Suspected Taliban Ambush NATO Convoy in Afghanistan

Suspected Taliban militants ambushed a NATO convoy in southern Afghanistan early Tuesday, and a gunshot victim said soldiers fleeing the scene shot him and killed a man in a bakery.

NATO said one civilian was killed and two wounded in the cross-fire after militants fired rocket-propelled grenades and guns as the convoy passed through a civilian area. NATO said soldiers returned fire, but did not specify if the casualties were caused by militants or soldiers.

Afghan officials have pleaded repeatedly with international troops to exercise caution to prevent civilian casualties, which has fueled distrust of international forces and the U.S.-backed government of President Hamid Karzai.

One of the victims, Sidiqullah Khan, was shot in the leg and the hand. He said his friend, a baker with whom he was talking during the clash, was killed.

"I was sitting in a bread shop. There was some fighting with a NATO convoy. The NATO convoy came and started firing on us," Khan said from his hospital bed. "My friend was killed."

NATO said the incident was being investigated.

The Taliban "chose the time and location of the attack, deliberately putting the lives of civilians at risk," said Lt. Col. Mike Smith, a spokesman for NATO's International Security Assistance Force. "ISAF soldiers go to great lengths to minimize the risk to civilians, but this incident will be fully investigated by the Afghan National Police, supported by ISAF."

Kandahar provincial police chief Esmatullah Alizai declined comment on the incident, saying it is being investigated.

Any civilian casualties are likely to feed anti-foreign troop sentiment in Kandahar, where a NATO convoy fleeing a suicide bomb attack in December opened fire on civilians, leaving at least one dead and six wounded.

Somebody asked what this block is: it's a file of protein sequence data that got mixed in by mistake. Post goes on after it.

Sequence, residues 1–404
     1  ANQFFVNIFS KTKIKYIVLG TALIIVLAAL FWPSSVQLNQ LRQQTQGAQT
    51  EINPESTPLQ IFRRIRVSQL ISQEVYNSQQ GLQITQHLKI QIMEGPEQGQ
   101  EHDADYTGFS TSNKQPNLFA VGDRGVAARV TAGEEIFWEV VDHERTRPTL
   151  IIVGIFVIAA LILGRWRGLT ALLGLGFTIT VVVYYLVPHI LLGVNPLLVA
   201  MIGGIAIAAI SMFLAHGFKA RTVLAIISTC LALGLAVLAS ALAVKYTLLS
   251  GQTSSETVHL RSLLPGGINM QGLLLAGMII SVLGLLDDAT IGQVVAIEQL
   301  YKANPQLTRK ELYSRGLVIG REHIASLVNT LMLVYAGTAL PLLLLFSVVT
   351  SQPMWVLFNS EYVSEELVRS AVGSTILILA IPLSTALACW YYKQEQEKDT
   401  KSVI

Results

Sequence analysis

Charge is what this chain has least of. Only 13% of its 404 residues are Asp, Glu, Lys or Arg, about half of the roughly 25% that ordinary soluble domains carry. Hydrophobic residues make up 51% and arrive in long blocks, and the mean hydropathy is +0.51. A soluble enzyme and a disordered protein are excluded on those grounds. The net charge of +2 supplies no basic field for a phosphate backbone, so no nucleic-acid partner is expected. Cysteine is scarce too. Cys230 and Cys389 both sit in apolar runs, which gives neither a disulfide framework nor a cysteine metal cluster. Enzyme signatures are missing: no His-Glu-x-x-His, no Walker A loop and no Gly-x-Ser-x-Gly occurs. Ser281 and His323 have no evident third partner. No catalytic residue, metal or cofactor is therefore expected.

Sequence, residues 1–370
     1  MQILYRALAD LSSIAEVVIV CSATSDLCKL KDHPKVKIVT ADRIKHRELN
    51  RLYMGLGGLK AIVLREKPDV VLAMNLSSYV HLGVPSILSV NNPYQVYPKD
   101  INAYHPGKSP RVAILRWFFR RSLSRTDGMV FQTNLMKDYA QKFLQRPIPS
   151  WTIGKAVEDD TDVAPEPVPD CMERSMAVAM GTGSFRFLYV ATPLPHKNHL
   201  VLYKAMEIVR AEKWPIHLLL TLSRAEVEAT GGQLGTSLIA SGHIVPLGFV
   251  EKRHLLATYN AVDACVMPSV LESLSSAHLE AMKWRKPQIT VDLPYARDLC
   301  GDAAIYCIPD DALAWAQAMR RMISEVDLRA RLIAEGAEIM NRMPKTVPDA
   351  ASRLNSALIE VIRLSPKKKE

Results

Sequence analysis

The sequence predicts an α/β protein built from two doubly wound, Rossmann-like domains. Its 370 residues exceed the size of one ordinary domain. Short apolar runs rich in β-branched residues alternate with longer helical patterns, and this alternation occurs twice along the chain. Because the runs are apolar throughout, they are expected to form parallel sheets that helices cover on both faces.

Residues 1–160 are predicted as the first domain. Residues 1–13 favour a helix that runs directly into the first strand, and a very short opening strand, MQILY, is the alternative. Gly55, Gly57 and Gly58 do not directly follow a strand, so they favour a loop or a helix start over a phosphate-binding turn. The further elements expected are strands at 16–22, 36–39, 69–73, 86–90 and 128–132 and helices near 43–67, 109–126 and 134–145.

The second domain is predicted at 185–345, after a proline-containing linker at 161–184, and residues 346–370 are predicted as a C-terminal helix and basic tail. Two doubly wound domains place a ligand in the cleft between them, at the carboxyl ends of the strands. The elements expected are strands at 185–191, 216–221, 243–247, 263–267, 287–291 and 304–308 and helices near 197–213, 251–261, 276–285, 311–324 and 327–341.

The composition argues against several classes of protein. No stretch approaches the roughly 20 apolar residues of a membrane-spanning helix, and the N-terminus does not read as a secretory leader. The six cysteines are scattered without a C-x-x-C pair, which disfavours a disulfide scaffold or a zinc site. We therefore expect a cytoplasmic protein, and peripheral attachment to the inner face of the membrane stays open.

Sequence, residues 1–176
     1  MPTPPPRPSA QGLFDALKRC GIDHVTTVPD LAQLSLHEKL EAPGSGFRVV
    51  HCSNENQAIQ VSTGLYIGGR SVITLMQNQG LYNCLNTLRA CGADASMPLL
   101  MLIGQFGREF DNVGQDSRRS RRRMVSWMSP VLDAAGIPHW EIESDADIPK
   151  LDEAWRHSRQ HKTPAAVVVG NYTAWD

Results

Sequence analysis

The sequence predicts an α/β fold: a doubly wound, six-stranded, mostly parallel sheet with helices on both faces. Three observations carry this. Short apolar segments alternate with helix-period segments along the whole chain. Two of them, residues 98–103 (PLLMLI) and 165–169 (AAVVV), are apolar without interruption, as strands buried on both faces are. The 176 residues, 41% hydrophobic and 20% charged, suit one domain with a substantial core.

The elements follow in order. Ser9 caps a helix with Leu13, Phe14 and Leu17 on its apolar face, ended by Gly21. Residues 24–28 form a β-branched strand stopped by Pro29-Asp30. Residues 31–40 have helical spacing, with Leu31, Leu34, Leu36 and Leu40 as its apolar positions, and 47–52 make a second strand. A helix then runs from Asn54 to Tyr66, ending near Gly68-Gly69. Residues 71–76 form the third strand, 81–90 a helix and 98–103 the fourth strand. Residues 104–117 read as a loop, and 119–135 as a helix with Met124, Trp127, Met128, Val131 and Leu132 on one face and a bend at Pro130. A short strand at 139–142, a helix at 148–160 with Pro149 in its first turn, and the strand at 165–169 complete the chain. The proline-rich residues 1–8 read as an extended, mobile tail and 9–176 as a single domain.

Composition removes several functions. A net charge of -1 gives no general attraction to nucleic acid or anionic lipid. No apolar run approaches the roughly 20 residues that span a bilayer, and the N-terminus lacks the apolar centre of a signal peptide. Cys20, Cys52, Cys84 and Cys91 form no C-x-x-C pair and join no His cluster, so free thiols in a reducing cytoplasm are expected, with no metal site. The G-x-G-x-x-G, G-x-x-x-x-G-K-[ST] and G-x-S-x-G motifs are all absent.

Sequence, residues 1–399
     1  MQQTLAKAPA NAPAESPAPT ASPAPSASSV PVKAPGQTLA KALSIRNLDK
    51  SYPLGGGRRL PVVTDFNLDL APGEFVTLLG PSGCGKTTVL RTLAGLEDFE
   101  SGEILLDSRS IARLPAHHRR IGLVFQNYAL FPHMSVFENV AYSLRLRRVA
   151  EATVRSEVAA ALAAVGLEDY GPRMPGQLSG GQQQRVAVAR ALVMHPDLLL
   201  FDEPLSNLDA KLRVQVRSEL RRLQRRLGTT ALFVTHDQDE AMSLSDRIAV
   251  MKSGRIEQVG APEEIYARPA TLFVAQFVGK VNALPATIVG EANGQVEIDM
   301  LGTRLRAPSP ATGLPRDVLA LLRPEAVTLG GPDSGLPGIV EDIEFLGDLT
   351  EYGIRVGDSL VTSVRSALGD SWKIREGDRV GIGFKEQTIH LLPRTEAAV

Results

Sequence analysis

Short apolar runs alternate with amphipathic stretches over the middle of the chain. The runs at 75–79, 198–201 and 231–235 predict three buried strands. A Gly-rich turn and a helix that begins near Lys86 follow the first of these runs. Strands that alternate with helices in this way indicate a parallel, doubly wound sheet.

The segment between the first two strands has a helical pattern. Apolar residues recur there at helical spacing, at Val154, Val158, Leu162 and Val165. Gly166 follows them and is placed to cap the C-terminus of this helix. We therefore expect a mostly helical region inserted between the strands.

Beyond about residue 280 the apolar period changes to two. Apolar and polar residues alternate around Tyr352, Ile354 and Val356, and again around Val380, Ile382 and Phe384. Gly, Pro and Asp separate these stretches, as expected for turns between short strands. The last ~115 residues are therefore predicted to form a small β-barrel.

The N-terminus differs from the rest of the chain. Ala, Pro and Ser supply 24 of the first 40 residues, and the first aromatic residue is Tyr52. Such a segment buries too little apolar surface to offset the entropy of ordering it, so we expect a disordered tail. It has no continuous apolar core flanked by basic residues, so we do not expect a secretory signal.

According to an Associated Press tally, based on reports from Afghan and Western officials, 151 civilians have been killed by violence in the first four months of this year, including at least 51 blamed on NATO and the U.S.-led coalition.

That total does not include 51 civilians that Afghan officials say were killed in clashes and U.S.-led coalition airstrikes in the western province of Herat late last month. NATO said it is investigating the deaths. The coalition has said previously that 136 "suspected Taliban fighters" were killed in the clashes and airstrikes.

Separately in Kandahar, a driver working with the U.N. High Commissioner for Refugees was assassinated by men on a motorbike as he left for work Tuesday morning. Alizai said a police investigation found the killing was caused by a family dispute.

The U.N. identified the man as Sadequllah, 38, and said that he had been working for the U.N. for 15 years.

"The motives for this attack need to be established, and we are working with the authorities in Kandahar to help the investigation," said Tom Koenigs, the special representative for the U.N. secretary-general for Afghanistan.

Last month, a powerful remote-controlled bomb destroyed a U.N. vehicle in Kandahar, killing four Nepalese guards and an Afghan driver. The attack on a three-vehicle U.N. convoy was the bloodiest in Afghanistan for the world body since the hard-line Taliban militia's 2001 ouster.

"The safety and well-being of those Afghan and international staff who work for the U.N. in Afghanistan is a matter of paramount importance to us," Koenigs said in a statement. "We will spare no effort to ensure that Sadequllah's murderers are found and properly brought to account."

A recent Human Rights Watch report said NATO and U.S. military operations killed at least 230 civilians in 2006 and that most of the year's 900 civilian combat fatalities were from insurgent attacks.